Iju-Sha is the term for Filipinos in Japan, most having come for work. Like the tens of millions of people around the world who migrate for a job, they arrive in pursuit of the promise of better wages, skills training and career opportunities. As Verité shows in our new documentary, Iju-Sha: Reportage on Migrant Workers in Japan, this may not be what they find.
While Japan remains a highly desirable country to work in, weaknesses in failures of the Japanese guest worker system, called a training or internship program, combined with unethical recruitment practices of some placement agencies in the Philippines, China and other sending countries, has left some overseas job seekers resulted in situations of indebtedness, isolation, surrender of personal documents, job substitution, denial of legal wages and benefits, excessive hours, and abusive employers. The typical absence of grievance mechanisms exacerbates the vulnerability of these workers.
Verité presented the full-length version of the Iju-Sha documentary at a symposium in Japan marking the close of a two-year project to shine a light on hidden trafficking risks in both the Philippines-to-Japan and China-to-Japan migration corridors and to develop tools and training to reduce the vulnerability of these job-seekers. Over the two years, Verité and our local NGO partners delivered ten in-person awareness and system-building workshops in the Philippines and Japan to government officials, brands, employers, recruitment agencies, and both migrants and those bound for overseas work.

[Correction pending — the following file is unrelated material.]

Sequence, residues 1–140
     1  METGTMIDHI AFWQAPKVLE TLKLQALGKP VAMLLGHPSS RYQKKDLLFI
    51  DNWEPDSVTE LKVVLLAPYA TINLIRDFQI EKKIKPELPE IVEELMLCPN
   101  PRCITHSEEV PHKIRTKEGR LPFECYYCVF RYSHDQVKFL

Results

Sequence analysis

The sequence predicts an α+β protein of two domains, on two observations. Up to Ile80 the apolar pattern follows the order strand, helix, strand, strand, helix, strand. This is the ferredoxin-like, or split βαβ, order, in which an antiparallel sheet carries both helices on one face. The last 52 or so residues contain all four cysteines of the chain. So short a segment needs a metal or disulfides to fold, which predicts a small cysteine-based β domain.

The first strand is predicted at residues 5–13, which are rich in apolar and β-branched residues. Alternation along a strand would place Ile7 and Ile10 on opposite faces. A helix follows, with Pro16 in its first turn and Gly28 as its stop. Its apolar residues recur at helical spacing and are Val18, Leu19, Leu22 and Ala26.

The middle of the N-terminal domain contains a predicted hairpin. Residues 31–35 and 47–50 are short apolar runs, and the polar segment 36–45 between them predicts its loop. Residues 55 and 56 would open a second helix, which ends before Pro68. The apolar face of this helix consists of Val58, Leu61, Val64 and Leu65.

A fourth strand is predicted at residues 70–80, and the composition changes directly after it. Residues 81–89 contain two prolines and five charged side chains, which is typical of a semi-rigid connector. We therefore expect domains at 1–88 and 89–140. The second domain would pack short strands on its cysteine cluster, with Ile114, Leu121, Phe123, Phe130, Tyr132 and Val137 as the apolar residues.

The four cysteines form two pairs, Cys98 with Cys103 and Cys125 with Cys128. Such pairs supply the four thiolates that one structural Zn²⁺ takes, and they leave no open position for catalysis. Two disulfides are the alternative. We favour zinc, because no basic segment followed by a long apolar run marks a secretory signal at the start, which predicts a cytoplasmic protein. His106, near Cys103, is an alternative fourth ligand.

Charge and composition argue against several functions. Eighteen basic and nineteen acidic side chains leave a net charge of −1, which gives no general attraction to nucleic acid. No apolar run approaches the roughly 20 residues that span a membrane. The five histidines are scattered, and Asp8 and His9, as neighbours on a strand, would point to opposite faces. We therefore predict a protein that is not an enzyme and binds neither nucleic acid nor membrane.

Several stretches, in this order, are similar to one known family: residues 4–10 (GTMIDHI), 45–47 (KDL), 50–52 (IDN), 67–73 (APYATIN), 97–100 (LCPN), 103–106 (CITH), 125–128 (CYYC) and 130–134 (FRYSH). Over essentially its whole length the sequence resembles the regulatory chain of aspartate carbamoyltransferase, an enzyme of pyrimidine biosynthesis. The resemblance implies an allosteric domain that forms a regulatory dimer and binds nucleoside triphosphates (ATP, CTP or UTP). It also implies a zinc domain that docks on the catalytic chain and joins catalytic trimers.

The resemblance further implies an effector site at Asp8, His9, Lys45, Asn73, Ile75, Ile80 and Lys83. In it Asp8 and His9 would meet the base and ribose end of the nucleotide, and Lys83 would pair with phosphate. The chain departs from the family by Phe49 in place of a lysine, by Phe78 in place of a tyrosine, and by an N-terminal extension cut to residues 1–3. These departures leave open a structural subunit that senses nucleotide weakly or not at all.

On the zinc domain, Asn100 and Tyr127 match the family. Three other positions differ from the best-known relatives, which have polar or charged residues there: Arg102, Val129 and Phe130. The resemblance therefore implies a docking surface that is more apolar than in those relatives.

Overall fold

At the start of this year we launched the web-based MyLaborMatters (MLM) grievance and learning platform and social media page, from which we derived over 1,000 narratives and received almost 1,000 grievances that have been responded to directly or referred to local NGOs partners or legal and government resources. MLM, which is on-going, leverages workers’ wide use of Facebook as a medium for sharing questions, information and advice about their recruitment, placement through the intern/training program in Japan and employment situations. MLM is expected to engage 15,000 users by the end of this year.
An increasing number of workers using MLM are employed locally in the Philippines or in countries other than Japan. Through the support of partner NGOs, the MLM project team has engaged the overseas labor offices in the Gulf States, Papua New Guinea and Australia, to address specific cases, as well as to address broader issues we have gleaned from interaction with workers online.
The Iju-Sha documentary will also be available in an edited form on the MLM site early next year, along with free training and other resources developed under the grant.
The Japan symposium, one of two presented this fall (the other in Manila), gathered government, business, academic, and NGO stakeholders share effective practices and to formulate recommendations for next steps toward reforming the systems that have allowed for cases of unethical recruitment and employment practices. Worker testimony gathered from MLM as well as field research was presented, along with perspectives of NGO partners in Japan and the Philippines, labor agencies, and officials.
Some highlights of the call to action include recommendations that business/employers adopt international standards on ethical recruitment; strengthen their monitoring of the recruitment process, including through third-party grievance mechanisms; and increase their direct engagement of workers. The Japanese government was urged to continue to pursue various reforms of Japan’s Technical Intern Training Program (TITP), including robust monitoring for abuses. It was widely noted that Civil Society actors are an un-tapped resource not only for supporting migrants but also for engaging with employers and the government to help shape remedies to chronic issues.
This project was made possible through the generous support of The Walt Disney Company.